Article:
So that first draft is the roughest one, the idea growing, building, and no one sees that one!  By MY third draft, it’s a well-rounded story that can be shared – it’s been proofread, polished, and filled in, but by that point, I need outside input to find what I’ve missed because I’m too close to the world I created.  Too close to see what else needs doing.  Thank you, First Readers, for any and all criticisms and input!  🙂

I’m not a “published author.”  I’ve had a couple of stories published in magazines (years ago) and articles published (when I was a reporter for a local trade journal publishing house).  I don’t know how authors work.  I write for me first because I love to play in and with my creations.  I love letting others read my stories and enjoy the feedback, enjoying their pleasure from reading what I’ve written.  Will I ever have a published Book?  Don’t know, I hope so, but it isn’t the main goal.  My main goal is to just Write because it brings me Joy.

Okay, so why do I have a new laptop that won’t do what I need it to do, and why haven’t I returned it and gotten another or gotten that new one fixed?  Because it was a gift, specifically, a gift from my husband.  After thirty years, I’ve learned the hard way to NEVER return or reject anything he gives me.  Hey, I like gifts and want more!

Return the beautiful laptop he bought me?  Nah, I don’t think so!  It works for other stuff and I’ll eventually figure out how to fix the weirdness.

For now, I just want to write, to play, to get my joy fix each day as the words flow and my worlds come to life.  But even play needs to be practiced to be enjoyed, so I’m going to fire up whichever computer wants to behave!  🙂

 

 

The Buzz-Buzz Monster

“Here it comes again!”  “Outta my way!”  Shrieking, jumping, laughing… My little sister and I clambered up to the top of the couch.  From there, we plotted out separate routes across the living room.  Pixie claimed the easy road; down to the arm of the couch, across the side table to the back of the big armchair and then jump onto the dining room table.  I was more daring.  If I timed it right, I could jump down to the middle of the living room floor, run to the stairs and perch on the table sitting on the stairway landing.  Risky, but the monster might go after Pix and give me time to escape.

“Buzz, buzz!”

“Aarrgghhh!”  The monster had a long reach; if we slipped, he’d get us!  Pix took her chance and I jumped.  Strong arms grabbed me, “Buzz, buzz!” And the tickling commenced.  I rolled in Daddy’s arms, laughing and kicking.  Pix jumped on his back, trying to help me, but Daddies aren’t ticklish, especially when they are Buzz Buzz Monsters.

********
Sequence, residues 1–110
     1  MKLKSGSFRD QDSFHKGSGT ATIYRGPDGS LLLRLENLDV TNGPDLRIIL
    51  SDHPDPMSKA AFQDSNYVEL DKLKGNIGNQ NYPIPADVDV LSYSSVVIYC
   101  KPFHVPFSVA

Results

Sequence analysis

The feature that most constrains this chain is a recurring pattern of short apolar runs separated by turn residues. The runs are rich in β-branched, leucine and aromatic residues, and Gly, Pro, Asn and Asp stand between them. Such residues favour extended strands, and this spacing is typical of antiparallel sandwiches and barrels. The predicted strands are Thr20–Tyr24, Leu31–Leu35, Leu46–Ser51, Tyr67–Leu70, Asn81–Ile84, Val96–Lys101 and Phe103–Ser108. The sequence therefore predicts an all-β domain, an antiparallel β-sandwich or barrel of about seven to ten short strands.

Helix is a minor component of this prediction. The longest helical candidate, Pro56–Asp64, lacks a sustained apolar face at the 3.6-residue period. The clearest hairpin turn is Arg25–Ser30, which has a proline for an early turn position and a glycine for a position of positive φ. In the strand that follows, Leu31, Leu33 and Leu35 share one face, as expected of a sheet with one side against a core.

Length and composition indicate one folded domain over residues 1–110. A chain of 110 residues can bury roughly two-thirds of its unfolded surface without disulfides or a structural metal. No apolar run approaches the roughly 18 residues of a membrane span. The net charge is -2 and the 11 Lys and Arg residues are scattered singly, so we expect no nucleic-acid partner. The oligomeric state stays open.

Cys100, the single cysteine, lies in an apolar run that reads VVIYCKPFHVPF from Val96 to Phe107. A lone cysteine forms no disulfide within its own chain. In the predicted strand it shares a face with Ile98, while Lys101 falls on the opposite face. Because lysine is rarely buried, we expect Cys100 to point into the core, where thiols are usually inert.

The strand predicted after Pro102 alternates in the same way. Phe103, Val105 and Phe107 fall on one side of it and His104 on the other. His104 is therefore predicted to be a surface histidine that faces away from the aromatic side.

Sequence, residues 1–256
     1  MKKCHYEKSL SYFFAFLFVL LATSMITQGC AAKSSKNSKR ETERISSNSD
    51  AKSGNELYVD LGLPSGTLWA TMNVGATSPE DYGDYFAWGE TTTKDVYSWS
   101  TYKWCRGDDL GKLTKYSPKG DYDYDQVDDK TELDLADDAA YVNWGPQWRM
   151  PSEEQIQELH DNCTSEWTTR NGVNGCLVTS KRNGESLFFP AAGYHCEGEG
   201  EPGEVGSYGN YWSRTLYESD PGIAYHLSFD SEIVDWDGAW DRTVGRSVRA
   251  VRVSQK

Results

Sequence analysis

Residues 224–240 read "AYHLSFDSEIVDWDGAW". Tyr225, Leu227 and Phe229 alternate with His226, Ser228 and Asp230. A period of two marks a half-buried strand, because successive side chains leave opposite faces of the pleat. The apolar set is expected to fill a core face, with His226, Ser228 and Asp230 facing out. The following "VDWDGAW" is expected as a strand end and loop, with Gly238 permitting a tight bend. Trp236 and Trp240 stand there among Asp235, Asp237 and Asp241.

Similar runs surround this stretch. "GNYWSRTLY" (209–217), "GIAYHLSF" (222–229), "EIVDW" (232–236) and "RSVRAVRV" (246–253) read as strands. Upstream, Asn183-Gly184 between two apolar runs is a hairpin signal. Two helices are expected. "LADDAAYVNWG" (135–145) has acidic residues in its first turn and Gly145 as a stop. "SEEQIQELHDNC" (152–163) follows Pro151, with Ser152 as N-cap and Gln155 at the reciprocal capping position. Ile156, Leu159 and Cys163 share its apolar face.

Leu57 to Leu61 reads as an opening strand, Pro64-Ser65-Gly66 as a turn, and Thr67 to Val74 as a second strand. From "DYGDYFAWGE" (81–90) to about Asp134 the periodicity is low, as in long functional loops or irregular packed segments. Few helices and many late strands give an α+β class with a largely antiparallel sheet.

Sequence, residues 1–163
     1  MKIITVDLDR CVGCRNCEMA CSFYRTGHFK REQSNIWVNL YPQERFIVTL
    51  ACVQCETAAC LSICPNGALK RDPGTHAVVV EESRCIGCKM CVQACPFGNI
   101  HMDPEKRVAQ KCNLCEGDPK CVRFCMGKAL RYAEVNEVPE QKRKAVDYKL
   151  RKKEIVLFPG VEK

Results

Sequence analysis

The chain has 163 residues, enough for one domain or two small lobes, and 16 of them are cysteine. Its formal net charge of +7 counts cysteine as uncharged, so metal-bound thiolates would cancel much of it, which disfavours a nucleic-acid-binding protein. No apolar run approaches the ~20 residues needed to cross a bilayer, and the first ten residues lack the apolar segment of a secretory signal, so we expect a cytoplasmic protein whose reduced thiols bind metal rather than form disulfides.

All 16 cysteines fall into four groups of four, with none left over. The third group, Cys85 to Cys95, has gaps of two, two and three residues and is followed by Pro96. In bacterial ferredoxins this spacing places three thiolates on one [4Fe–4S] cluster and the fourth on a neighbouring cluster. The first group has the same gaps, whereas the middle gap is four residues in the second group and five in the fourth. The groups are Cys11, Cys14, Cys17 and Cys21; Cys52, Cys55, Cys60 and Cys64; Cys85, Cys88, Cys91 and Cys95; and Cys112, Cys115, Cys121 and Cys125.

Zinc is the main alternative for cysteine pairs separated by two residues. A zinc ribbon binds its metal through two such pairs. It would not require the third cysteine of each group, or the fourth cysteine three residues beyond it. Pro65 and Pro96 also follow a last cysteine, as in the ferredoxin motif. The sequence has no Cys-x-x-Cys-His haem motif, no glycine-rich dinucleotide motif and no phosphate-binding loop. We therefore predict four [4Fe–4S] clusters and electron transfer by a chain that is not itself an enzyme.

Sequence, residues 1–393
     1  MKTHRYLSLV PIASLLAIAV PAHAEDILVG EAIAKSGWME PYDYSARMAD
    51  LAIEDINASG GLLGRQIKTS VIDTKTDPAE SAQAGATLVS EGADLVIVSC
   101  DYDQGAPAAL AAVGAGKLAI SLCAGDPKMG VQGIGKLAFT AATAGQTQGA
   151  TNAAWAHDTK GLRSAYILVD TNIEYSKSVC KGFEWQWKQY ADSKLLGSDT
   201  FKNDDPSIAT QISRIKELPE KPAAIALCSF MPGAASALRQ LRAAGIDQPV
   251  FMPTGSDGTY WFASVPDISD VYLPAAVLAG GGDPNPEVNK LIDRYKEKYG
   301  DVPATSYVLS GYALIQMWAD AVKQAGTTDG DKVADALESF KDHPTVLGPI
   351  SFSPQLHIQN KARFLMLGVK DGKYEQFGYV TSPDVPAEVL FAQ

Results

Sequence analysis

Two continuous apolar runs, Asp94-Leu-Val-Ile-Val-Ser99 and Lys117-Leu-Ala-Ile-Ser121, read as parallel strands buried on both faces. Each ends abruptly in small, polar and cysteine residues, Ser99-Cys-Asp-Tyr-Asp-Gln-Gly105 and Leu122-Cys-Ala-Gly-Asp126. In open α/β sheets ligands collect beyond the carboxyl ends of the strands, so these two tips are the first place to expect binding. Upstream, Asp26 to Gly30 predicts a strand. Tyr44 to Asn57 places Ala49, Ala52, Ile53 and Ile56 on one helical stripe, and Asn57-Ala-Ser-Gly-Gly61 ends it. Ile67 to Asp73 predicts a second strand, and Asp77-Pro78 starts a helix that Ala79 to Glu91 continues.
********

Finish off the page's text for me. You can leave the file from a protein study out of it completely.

Her little legs pummeled his sides.  “Horsie! Horsie!  Gi-pa!”  And the game changed.  With a rear and a whinny, the Gi-pa took off across the living room, Pixie shrieking with joy, her hands fisted in his thick black hair.  I sat up, trying to catch my breath and waited for my turn.

Every family, I hope, has games.  Silly fun games.  I’m pretty sure Jim Carrey (in “Liar, Liar”, I think was the movie’s name) does not have the exclusive rights to “The Claw!”  Hey, my daddy was “The Claw” before the actor was born!  Daddy was the big sneaky shark before anyone ever heard of “Jaws!”  He would swim underwater to us and one hand would rise up.  He would corner us in the shallow end of the pool, hands crooked, reaching for us, and ominously announce, “It’s The Claw!  The Claw!” in a twisted accent.  If caught, more tickling…  I learned how to swim just to escape into the deep end.

That was a rule.  “The Claw” couldn’t get you if you were on dry land or in the deep end of the pool.  Same with the Buzz Buzz Monster – it couldn’t climb on the furniture to get us, but if we touched the floor, we were fair game.  We didn’t play these games with Mom.  I don’t remember a single tickle session with my mom.  She did come outside and push me nice and high on my swing, though.

Maybe they were Daddy games because he was home.  We were “latch-key” kids long before the phrase was coined.  We’d walk home from school or the bus stop, enter the unlocked house, and do whatever.  Our older brother and older sister were supposed to be our baby-sitters, but, honestly?  Between the time we left school until my Dad got home from work, we were out in the neighborhood playing.

Dad had the typical 8 to 5 job; Mom, as a Registered Nurse, tried to work only the 7am to 3pm shift so she could be home with us in the afternoon, but she sometimes worked doubles or she’d be sleeping because she had to work 3pm to 11pm or 11pm to 7am.  If she was home, sleeping or not, we’d grab our bikes and take off.  We didn’t want to bother her – that woke up a whole different kind of monster.